(My mother said that but it didn’t count, she’d never met her. I didn’t know her name. In the one photograph she is lovely, wearing a tailored pencil skirt, heals, a blouse. She is caught in mid-stride, walking down a street that must be either Madrid or Mexico City. I let myself lose that photo, embarrassed by how much I wanted to see myself there. Not exactly lost, I could say with almost certainty that it was in the small blue suitcase at the bottom of my mother’s closet.)

And I spoke of him like this and it was more dangerous to me than lying because I could almost be convinced of these things I said, the implications of a family that did not exist.

In the long, narrow bar the size of a closet stretched into a thin rectangle, they watched me pour drinks and I’d make them New Yorkers, if they’d make me Mexican. I’d make them glamorous, if they’d make me his. I offered them this; a woman listening attentively. I offered them a sassy joke. I offered them a sympathetic nod. I let them look if they saw what I wanted them to see. If they saw him in me, I bought them a drink and was happy to see them the next time they came in. I remembered details of their lives and tossed them back at them. I asked about their trips to Paris. I told them about the time I ran out of money in Paris and walked for ten hours which was not really the story but they’d like it better. I told them about the art I made and we’d pretend that this was a fabulous life. It’d be two in the morning and we’d be having another round. We’d be feeling good now. We’d be listening to my friend’s unreleased album and tonight I’d close a little late. Together, we could make anything true.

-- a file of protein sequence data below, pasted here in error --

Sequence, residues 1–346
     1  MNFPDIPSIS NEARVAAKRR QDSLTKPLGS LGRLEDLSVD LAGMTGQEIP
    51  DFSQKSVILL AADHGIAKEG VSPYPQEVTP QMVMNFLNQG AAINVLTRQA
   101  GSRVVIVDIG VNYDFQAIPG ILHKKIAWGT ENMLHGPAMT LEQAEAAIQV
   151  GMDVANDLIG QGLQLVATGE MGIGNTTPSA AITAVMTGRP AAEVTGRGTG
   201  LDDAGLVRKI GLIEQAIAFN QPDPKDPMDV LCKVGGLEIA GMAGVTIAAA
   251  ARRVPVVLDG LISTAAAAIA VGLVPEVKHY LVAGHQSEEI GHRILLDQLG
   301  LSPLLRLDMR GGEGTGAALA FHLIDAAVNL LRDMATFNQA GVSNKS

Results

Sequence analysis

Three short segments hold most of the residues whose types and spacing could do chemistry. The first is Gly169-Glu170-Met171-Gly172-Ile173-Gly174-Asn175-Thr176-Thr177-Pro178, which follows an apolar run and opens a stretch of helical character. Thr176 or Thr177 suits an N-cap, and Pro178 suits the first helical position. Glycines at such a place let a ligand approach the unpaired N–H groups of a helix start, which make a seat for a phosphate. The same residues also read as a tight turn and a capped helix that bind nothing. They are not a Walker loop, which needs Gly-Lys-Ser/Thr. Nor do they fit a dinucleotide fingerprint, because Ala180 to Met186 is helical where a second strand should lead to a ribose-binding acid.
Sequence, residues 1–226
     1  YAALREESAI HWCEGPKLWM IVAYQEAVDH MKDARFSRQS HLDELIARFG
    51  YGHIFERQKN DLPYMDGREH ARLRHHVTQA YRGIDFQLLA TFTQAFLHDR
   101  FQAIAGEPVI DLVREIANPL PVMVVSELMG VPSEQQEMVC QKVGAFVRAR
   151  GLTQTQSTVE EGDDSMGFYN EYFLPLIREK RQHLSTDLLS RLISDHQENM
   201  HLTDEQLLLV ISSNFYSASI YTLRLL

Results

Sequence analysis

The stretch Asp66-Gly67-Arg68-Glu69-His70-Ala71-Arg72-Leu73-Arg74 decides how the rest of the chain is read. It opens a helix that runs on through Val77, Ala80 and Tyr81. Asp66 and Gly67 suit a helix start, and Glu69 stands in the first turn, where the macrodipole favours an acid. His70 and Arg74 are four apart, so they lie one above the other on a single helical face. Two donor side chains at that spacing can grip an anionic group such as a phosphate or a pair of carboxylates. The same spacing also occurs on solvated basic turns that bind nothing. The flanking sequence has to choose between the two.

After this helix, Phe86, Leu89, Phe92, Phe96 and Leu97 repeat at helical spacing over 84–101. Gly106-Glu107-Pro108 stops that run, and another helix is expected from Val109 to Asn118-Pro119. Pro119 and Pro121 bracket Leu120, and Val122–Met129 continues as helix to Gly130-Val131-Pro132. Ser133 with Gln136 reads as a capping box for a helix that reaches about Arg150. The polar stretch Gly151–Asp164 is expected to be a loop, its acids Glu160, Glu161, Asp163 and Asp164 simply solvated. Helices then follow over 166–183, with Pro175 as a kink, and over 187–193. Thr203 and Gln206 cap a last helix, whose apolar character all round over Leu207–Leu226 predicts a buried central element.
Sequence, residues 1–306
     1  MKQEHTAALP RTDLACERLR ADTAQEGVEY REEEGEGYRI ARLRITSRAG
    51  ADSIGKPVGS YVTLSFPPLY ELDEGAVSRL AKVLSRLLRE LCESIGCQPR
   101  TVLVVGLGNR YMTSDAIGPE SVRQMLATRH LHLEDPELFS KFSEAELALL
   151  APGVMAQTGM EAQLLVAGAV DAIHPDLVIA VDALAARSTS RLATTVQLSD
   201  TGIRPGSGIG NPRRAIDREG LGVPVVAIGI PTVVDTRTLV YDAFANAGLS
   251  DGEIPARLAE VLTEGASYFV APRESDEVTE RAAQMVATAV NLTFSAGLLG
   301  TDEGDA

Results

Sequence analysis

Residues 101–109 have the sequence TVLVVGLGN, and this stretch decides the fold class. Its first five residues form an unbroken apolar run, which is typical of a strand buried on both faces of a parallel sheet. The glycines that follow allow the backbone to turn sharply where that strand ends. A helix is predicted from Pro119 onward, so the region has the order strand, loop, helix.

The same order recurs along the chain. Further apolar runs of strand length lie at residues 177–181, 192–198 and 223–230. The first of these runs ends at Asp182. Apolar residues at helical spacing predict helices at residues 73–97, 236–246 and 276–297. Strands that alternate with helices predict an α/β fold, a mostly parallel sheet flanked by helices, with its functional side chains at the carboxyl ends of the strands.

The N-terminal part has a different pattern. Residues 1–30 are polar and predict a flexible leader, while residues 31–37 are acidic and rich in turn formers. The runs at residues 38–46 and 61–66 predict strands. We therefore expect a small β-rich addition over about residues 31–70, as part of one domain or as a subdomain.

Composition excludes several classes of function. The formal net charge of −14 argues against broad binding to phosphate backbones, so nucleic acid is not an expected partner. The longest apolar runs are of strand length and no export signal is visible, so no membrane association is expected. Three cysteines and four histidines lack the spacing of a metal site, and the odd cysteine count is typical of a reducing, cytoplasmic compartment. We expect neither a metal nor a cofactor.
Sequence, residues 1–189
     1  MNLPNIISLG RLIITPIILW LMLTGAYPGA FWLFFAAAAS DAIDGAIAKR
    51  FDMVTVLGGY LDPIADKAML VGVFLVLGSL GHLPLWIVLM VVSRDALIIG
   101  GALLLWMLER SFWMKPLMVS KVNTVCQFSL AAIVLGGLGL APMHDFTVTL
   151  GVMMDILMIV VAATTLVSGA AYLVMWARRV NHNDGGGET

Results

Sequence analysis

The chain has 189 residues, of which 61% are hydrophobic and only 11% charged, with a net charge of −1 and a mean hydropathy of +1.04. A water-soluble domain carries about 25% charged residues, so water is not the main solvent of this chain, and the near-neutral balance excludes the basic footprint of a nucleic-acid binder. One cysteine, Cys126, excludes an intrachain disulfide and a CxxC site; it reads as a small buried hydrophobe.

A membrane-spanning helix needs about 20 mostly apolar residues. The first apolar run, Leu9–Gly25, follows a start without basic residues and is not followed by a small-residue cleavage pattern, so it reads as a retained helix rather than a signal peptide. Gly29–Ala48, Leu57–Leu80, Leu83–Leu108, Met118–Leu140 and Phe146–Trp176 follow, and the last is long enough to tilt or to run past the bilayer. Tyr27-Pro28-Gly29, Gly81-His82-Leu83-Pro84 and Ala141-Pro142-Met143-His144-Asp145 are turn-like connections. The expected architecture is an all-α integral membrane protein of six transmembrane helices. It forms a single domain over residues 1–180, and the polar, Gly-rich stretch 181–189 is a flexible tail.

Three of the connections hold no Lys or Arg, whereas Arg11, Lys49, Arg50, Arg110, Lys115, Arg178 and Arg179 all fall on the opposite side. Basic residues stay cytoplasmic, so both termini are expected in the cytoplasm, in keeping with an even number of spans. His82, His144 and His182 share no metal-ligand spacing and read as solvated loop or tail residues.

Part II

I keep the bar dark. I slide the dimmer lower as the night goes on. The candles burn brighter as the wicks burn down. The customers can’t see when they push through the heavy drapes in front of the door. They blink—disoriented, grumbling—until they find a spot, drink a half glass of wine, their eyes adjust. They sense how their chilled skin looks in the candles. They relax and sit softer. They like the dim light.